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James Eagan Holmes

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James Eagan Holmes
James Holmes, cropped.jpg
Initial mug shot at Arapahoe County Jail after his arrest
Born (1987-12-13) December 13, 1987 (age 27)
San Diego, California, U.S.
Residence Aurora, Colorado
Nationality American
Education B.S. Neuroscience[1]
Alma mater
Known for Perpetrator of the 2012 Aurora shooting
Criminal charge 24 counts of first degree murder
140 counts of attempted first degree murder
1 count of possessing an illegal explosive device
1 sentence enhancement of a crime of violence[3][4]
Criminal penalty 12 life sentences in prison without the possibility of parole, and an additional 3,318 years[5][6][7]
Criminal status Guilty of all charges

James Eagan Holmes (born December 13, 1987) is an American convicted on 24 counts of murder and 140 counts of attempted murder for the 2012 Aurora shooting that killed 12 people and injured 70 others at a Century movie theater in Aurora, Colorado, on July 20, 2012.[8] He had no known criminal record prior to the shooting.[8] Holmes booby-trapped his apartment with explosives before the shooting, which were defused one day later by a bomb squad.

Holmes was arrested shortly after the shooting and jailed without bail awaiting trial. Following this, he was hospitalized after attempting suicide several times while in jail. Holmes entered a plea of not guilty by reason of insanity, which was accepted. His trial began on April 27, 2015,[9][10] and on August 24, he was sentenced to life in prison without the possibility of parole.[5][6]

Personal life[edit]

James Eagan Holmes was born on December 13, 1987, in San Diego, California.[2] His father is a mathematician and scientist[11] with degrees from Stanford University, UCLA and UC Berkeley and his mother is a registered nurse.[12] He has one sister.[13] Holmes was raised in Oak Hills, a community near Castroville, California, where he attended elementary school.[14][15] At twelve years old, Holmes moved back to San Diego. There, he lived in the Rancho Peñasquitos neighborhood, where he reportedly began to decline socially.[16] He went to Westview High School and graduated in 2006.[17][14][18][19][20] Holmes played soccer and ran cross-country in high school.[12] He attended Penasquitos Lutheran Church with his family, according to the church's pastor.[21][22] According to Holmes' lawyer, Daniel King, Holmes began to suffer from mental health issues in middle school and attempted suicide at age 11.[23][24]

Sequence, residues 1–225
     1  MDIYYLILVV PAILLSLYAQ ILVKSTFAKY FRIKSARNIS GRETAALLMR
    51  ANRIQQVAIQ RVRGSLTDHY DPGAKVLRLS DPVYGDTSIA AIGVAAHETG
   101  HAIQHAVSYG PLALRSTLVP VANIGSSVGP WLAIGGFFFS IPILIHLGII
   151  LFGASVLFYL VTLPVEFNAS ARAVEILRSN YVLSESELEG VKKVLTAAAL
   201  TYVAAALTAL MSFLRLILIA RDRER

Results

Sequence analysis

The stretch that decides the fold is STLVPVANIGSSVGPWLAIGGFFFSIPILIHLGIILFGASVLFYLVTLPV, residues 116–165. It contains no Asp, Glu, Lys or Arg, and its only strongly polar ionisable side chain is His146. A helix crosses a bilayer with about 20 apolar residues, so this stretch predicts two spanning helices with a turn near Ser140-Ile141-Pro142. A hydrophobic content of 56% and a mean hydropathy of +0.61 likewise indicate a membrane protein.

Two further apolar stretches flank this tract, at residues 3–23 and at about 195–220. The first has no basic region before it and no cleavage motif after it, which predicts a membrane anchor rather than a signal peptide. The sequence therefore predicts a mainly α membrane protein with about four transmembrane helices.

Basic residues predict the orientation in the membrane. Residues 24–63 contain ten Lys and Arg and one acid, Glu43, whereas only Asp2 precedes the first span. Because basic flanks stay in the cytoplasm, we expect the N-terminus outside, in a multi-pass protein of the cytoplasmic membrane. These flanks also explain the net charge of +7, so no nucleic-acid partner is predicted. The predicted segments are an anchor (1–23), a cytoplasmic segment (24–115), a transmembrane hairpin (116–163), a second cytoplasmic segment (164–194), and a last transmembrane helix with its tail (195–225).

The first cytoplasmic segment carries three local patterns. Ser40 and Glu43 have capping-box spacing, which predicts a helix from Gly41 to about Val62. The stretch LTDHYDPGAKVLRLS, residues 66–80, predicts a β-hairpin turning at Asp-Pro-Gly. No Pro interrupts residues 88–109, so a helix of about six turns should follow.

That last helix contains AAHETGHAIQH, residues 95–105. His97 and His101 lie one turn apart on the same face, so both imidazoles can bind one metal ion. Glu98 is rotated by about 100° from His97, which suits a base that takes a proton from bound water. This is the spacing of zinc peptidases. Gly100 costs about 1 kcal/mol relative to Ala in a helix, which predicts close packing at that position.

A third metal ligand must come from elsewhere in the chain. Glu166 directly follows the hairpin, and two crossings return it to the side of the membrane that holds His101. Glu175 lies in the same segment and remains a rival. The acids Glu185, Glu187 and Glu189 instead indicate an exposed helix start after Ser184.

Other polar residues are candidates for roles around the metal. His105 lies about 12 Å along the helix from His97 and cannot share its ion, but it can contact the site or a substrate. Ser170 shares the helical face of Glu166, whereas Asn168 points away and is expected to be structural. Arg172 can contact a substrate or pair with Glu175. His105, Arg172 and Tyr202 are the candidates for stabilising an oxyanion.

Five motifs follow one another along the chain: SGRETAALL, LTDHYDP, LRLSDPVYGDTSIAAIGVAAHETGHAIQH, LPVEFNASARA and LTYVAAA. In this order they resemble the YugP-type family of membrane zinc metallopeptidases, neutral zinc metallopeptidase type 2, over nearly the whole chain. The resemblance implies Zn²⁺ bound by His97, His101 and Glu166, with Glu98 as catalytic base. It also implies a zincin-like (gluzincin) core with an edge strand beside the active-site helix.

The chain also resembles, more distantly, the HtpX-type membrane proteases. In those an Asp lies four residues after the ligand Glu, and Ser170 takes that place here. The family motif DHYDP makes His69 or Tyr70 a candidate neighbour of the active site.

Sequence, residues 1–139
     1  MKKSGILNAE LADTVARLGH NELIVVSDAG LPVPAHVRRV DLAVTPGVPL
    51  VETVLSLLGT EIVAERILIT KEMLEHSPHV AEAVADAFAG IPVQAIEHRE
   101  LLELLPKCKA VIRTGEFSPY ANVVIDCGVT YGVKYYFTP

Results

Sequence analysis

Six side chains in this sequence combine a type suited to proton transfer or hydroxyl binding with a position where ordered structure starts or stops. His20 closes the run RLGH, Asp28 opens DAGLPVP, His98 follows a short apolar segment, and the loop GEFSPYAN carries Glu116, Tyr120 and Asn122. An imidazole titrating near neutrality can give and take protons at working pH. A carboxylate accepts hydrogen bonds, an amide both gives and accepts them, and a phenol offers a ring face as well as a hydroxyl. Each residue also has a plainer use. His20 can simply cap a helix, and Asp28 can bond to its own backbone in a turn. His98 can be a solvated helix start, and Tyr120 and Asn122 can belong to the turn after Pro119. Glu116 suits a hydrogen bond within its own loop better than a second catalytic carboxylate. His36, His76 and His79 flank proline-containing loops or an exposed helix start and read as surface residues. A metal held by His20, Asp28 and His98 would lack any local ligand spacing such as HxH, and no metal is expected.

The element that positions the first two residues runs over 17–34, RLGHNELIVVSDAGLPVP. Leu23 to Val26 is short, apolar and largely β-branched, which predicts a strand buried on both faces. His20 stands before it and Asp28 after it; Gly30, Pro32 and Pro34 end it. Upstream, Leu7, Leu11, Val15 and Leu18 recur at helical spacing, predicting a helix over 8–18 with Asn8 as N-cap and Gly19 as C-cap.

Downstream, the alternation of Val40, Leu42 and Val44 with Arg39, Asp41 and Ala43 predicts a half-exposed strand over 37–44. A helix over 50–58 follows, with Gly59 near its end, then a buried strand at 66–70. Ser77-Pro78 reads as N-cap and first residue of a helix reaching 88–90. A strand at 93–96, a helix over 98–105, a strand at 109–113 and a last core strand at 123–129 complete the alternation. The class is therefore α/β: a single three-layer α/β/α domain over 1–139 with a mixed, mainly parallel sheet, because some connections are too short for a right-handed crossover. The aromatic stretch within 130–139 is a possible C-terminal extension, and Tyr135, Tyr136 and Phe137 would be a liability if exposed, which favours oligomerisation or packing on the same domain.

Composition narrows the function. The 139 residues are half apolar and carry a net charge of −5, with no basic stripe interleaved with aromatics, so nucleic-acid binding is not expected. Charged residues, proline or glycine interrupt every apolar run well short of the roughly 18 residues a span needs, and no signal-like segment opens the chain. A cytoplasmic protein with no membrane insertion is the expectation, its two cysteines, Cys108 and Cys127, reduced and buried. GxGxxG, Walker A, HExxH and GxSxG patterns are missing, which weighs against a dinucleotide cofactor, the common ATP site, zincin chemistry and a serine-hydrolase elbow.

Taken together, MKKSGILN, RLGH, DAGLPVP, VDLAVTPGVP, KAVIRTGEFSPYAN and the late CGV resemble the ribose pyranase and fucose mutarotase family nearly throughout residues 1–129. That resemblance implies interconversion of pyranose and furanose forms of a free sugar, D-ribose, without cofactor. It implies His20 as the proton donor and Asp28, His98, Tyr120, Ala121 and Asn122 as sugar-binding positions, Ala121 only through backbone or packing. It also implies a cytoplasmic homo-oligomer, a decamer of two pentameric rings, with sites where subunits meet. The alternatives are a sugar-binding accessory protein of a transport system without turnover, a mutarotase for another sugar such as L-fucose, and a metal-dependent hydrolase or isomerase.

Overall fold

According to Holmes, during his childhood, he was frightened of what he called "Nail Ghosts" that would hammer on the walls at night. He would also see shadows and "flickers" at the corners of his eyes, which would fight each other with firearms and other weapons. Holmes saw Margaret Roth once before she sent him to psychiatrist Lynne Fenton.[25] Holmes was depressed and "obsessed with killing for over a decade".[26]